Jackson was the first president who was neither a member of the economic or social elite, nor from the Eastern Seaboard states of Massachusetts or Virginia.
Born poor and orphaned at fifteen, Andrew Jackson was a self-made man-one who represented the south and the western frontier and its expansionist interests. He was elected largely by voters who were not previously a part of the political process. He was also the first and only president who carried in his body two bullets; one near his heart from a duel, and one in his shoulder from a shootout. He was indeed a change from the past.
Jackson was the personification of the average citizen, the one who worked for a living, unafraid to get his hands dirty, and a symbol of the "majesty" of the common man. As a general, he had required more of his men than any other general had before. He executed some and threatened to shoot others, but they loved him and fought and died for him. He reveled in his successes-yet always praised and credited his soldiers with the victories. His military greatness lies not so much in his being a brilliant tactician, but in being a natural born leader able to make decisions, usually successful, on the spot, and to do his duty as he saw it.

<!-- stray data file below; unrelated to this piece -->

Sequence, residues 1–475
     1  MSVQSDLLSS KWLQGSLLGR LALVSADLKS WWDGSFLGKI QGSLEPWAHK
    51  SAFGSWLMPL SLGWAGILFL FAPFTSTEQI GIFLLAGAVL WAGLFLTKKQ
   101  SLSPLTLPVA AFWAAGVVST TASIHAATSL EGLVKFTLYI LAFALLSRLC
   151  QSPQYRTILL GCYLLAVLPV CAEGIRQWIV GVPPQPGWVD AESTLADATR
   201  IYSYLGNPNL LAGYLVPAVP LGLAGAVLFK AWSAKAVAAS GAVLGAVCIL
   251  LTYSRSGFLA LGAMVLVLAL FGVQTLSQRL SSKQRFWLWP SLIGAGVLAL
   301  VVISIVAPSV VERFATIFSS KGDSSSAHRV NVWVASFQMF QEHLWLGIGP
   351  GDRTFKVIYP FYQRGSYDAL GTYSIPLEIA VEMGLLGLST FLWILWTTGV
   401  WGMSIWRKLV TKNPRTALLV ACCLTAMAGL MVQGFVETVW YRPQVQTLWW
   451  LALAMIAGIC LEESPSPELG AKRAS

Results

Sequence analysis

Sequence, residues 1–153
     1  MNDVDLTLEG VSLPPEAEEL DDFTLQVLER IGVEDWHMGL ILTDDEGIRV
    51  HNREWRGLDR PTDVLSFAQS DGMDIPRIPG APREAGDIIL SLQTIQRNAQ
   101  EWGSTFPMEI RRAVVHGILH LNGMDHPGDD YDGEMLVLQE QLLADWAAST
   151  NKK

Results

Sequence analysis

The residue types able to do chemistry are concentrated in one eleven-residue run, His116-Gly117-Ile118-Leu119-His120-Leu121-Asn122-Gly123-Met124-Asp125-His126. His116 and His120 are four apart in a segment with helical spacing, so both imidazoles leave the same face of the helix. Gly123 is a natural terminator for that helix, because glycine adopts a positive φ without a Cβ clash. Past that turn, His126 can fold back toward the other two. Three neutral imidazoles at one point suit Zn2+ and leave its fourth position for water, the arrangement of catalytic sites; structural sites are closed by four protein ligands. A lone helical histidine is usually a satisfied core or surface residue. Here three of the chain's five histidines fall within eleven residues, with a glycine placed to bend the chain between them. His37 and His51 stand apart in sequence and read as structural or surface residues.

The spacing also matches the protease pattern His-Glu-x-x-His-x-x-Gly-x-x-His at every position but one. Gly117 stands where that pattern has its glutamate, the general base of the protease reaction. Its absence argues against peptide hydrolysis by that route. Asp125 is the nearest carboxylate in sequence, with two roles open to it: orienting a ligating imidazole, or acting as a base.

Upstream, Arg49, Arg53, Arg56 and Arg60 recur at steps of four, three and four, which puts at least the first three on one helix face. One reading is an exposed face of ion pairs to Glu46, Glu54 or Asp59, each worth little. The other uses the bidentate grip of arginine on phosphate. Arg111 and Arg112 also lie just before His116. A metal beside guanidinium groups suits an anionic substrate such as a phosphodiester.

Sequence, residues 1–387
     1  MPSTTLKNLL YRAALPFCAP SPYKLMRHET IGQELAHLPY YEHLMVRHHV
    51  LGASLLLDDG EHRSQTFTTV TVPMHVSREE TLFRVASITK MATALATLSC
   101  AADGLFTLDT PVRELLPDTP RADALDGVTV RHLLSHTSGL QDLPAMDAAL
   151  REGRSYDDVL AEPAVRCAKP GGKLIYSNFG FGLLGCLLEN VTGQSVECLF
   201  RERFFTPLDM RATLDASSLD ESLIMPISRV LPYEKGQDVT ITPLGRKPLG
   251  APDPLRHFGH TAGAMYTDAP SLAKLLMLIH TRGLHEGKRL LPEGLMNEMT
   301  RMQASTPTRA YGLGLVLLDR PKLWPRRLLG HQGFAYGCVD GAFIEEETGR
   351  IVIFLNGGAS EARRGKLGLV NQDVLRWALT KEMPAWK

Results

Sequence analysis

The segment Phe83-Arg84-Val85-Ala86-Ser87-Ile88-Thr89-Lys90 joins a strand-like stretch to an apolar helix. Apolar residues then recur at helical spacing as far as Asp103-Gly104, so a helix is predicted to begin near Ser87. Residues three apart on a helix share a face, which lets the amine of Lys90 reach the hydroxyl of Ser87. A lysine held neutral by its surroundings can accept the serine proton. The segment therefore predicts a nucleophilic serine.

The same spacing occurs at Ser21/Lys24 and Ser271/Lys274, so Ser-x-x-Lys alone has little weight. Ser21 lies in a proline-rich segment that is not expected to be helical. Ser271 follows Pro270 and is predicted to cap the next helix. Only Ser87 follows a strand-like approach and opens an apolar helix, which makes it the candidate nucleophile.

With seemingly no credentials other than a contentious iron will, a desire to improve his situation in life, and a belief in the power and greatness of the American citizen, he rose to become president of the United States. The leadership qualities developed by Jackson as he rose in station by hard work, a firm belief in his own abilities, sheer force of will, help from others, and perhaps a bit of luck, propelled him from an obscure rural village to the epitome of public office, and ushered in what one author labeled "The Age of Jackson," and fundamentally changed the paradigm of how Americans selected their leaders.